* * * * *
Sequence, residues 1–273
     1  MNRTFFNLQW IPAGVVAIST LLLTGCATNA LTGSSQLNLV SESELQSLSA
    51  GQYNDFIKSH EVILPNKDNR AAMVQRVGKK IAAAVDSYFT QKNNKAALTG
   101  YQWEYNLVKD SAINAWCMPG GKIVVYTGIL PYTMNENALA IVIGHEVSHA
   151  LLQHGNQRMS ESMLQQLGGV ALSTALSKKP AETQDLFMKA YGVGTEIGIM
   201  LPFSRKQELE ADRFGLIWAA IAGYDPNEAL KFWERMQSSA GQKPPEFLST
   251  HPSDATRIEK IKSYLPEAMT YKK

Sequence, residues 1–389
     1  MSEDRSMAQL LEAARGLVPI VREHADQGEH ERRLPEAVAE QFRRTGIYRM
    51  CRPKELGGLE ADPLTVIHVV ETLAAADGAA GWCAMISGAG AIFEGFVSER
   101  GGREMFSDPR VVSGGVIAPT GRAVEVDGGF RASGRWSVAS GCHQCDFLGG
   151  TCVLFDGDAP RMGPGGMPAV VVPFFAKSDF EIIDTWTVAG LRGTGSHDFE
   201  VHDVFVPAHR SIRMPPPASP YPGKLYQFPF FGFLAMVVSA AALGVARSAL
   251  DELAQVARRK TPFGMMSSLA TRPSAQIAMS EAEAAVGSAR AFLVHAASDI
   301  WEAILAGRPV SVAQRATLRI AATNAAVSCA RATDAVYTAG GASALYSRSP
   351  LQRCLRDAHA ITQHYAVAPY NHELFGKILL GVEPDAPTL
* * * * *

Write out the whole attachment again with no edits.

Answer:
Sequence, residues 1–273
     1  MNRTFFNLQW IPAGVVAIST LLLTGCATNA LTGSSQLNLV SESELQSLSA
    51  GQYNDFIKSH EVILPNKDNR AAMVQRVGKK IAAAVDSYFT QKNNKAALTG
   101  YQWEYNLVKD SAINAWCMPG GKIVVYTGIL PYTMNENALA IVIGHEVSHA
   151  LLQHGNQRMS ESMLQQLGGV ALSTALSKKP AETQDLFMKA YGVGTEIGIM
   201  LPFSRKQELE ADRFGLIWAA IAGYDPNEAL KFWERMQSSA GQKPPEFLST
   251  HPSDATRIEK IKSYLPEAMT YKK

Sequence, residues 1–389
     1  MSEDRSMAQL LEAARGLVPI VREHADQGEH ERRLPEAVAE QFRRTGIYRM
    51  CRPKELGGLE ADPLTVIHVV ETLAAADGAA GWCAMISGAG AIFEGFVSER
   101  GGREMFSDPR VVSGGVIAPT GRAVEVDGGF RASGRWSVAS GCHQCDFLGG
   151  TCVLFDGDAP RMGPGGMPAV VVPFFAKSDF EIIDTWTVAG LRGTGSHDFE
   201  VHDVFVPAHR SIRMPPPASP YPGKLYQFPF FGFLAMVVSA AALGVARSAL
   251  DELAQVARRK TPFGMMSSLA TRPSAQIAMS EAEAAVGSAR AFLVHAASDI
   301  WEAILAGRPV SVAQRATLRI AATNAAVSCA RATDAVYTAG GASALYSRSP
   351  LQRCLRDAHA ITQHYAVAPY NHELFGKILL GVEPDAPTL